Thursday, December 12, 2013

Our 5th Annual Waterfall Hike & Corn Fiesta at Raul's place: Part 1- Trailhead to the Upper Falls

The Upper Falls of Yerba Buena Gorge drop nearly vertically down to a pool at the bottom. The pool lies in the cul-de-sac of a remote canyon with sheer sandstone walls hundreds of feet high. As my long-time blog fans know, every fall for the last five years I join a group of expat hikers for a trek to one of the most dramatic waterfalls of Lake Chapala's South Shore. Afterward, we return for a fiesta at the home of Raul and Geronima, a local farming couple who live in the little pueblo of Citala near the trailhead. This October, we visited the Yerba Buena Gorge, a site I have shown in previous blog postings. However, we used a route that we discovered only recently, one which provides spectacular vistas not only of the waterfall, but of the valley and mountains as well. Part 1 of this two part series covers the area from the trailhead to the Upper Falls. Part 2 will cover the trail from the falls back down to the little pueblo of Citala, where our Raul and Geronima live.

From the trailhead along the west side of Yerba Buena Gorge

Our hiking party at the trailhead. We traditionally take a group shot like this at the start of one of our hikes. Including me, there were eight in our party. From left to right are Larry, Stephanie, Chuck, Eileen, Gary, Jim B, and Tomas. All except Stephanie are hikers who are experienced in the rugged mountains around Lake Chapala. Again, except for Stephanie, the "kid" of the group, all of us are retirees in our sixties.

View looking north over the plateau and outer canyon. Lake Chapala's South Shore mountains are in the background. The Lake is just beyond them. The flat cultivated area at the center of the photo is the West Plateau. Just to the right of center you can see a "V" shaped canyon. This heavily jungled trench cuts due south through the plateau to the entrance Yerba Buena gorge. The East Plateau lies to the right of the V. The pueblo of Citala is to the left of the smoke, in the valley between the plateau and the mountains.

Cow bones littered this part of the trail. This is cattle country and the muddy trail was cut up by their hoof marks. When a large animal like a cow or a horse dies in this rugged area, it is left where it falls. This is true even if the carcass lies across a trail. The local people who use these backcountry paths simply divert around it until the scavengers have picked the body clean and scattered the bones. This is simple practicality. Moving the body would require more effort than it would be worth.

The first part of the trail was a bulldozer road. Although a steady uphill climb, it was easy hiking. Seen with Stephanie, Chuck, and Eileen is the ninth member of our hiking party. Matty is a regular member of our group, at least when Chuck comes along. I hesitate to describe Chuck as Matty's owner, since he himself describes her as his best friend. She adores hiking with us almost as much as she adores Chuck. Matty makes it a point to greet and make friends with each hiker of any group she accompanies. I call her the "Gangster of Love" because she is so expert at stealing your heart.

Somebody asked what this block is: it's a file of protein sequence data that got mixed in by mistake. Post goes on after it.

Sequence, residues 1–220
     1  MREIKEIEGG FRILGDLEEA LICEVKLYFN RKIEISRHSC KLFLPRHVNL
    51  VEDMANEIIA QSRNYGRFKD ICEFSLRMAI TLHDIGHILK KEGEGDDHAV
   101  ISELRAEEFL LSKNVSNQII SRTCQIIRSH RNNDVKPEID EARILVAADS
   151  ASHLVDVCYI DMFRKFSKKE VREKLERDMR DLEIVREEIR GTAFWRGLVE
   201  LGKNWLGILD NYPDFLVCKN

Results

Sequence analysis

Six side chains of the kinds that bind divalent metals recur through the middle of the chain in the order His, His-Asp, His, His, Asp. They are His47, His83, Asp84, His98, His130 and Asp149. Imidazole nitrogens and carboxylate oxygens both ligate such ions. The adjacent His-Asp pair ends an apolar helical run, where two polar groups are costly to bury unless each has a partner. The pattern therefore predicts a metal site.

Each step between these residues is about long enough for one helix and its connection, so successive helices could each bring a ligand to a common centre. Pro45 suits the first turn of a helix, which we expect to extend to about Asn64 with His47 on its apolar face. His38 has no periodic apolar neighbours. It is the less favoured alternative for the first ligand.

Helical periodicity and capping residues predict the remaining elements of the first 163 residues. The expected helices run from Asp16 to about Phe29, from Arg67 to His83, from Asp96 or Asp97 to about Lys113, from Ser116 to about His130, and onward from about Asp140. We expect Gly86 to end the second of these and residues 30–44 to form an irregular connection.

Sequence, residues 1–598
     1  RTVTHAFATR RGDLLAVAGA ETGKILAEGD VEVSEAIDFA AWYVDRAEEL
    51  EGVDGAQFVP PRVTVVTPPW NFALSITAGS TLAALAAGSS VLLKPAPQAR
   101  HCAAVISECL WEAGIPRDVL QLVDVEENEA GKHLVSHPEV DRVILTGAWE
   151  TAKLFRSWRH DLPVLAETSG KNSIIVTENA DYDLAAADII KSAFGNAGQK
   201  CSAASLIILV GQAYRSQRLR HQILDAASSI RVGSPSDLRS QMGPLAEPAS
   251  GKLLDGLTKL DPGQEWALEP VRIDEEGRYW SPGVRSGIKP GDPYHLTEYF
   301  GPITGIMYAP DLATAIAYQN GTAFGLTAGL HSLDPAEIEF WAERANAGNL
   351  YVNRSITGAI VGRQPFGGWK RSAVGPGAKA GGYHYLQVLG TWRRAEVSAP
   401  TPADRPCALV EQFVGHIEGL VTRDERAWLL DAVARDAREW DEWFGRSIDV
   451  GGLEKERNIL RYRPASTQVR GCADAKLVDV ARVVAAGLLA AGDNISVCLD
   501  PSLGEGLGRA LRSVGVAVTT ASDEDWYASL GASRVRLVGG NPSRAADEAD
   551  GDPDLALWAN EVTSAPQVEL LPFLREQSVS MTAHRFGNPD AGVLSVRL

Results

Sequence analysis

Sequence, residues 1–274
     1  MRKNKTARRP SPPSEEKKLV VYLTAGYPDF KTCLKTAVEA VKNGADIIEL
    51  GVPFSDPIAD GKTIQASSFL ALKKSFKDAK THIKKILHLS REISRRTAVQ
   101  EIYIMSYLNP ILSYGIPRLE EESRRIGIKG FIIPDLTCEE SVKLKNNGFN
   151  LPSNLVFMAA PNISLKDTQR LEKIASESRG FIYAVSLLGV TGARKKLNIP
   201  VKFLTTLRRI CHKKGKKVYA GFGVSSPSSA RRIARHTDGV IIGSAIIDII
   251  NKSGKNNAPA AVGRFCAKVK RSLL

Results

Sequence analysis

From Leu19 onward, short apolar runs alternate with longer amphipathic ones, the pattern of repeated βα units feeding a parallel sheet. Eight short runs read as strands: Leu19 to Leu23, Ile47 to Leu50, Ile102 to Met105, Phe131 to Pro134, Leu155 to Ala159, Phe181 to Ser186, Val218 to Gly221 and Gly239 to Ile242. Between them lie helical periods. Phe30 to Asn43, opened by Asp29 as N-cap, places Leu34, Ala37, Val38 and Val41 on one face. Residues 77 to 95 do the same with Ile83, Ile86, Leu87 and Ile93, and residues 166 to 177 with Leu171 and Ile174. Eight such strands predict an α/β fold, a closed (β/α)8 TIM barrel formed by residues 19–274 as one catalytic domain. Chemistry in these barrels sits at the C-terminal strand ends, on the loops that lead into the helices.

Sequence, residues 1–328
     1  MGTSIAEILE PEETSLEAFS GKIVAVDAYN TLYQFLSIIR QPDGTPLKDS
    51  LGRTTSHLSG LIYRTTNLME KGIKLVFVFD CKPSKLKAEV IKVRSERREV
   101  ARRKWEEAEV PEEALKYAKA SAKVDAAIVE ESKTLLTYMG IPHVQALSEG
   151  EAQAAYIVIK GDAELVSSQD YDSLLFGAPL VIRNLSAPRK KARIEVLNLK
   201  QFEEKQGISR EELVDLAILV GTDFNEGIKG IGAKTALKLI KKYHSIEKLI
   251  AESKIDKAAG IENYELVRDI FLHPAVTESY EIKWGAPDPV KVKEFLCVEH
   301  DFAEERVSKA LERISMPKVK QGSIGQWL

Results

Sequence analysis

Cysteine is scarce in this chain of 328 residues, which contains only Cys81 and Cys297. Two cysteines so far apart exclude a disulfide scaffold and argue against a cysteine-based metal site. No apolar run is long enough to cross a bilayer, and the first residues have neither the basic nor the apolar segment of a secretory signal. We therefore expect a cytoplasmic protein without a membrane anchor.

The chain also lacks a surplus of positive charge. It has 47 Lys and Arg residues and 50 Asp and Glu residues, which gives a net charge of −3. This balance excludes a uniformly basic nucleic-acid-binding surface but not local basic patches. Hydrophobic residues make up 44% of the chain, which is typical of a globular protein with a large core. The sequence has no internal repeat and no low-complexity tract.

View across the outer canyon to the East Plateau. Notice the line of cliffs where the plateau drops off into the heavily wooded canyon. The cliffs are higher than they appear because the bottom part is hidden by foliage. The tops of both the East and West Plateaus are covered with a checkerboard of fields. Some are for pasture, but others are planted with corn, beans, mallow, or other crops. All of the fields are small, measuring only a few hundred meters on a side, at most. Generally they are bordered by dry stone walls, made with the debris of old volcanic eruptions. Some of the farmers have planted cactus along these field borders as a sort of natural barbed wire. The cactus helps discourage cattle or horses from browsing among their crops.

(Left to right) Jim B, Gary, and Larry pick their way up a rocky slope. After the short bulldozer road ended at the start of the bluffs, a narrow, overgrown trail led up toward the mouth of the Gorge. Notice the sticks that Larry and Gary are carrying. Virtually all of the experienced hikers I know carry some sort of hiking pole, and some carry a pair. The trails in these mountains are very stony and require you to choose your footing carefully. Some of the trickiest spots are sloping stretches with small pebbles. Traversing these is something akin to walking across slick glass covered with ball bearings. Hiking sticks are essential to avoid falls--and inconvenient injuries--in country like this. They also serve to push thorny branches away from exposed arms and legs. I keep several extra poles handy in case hikers new to the area come without them.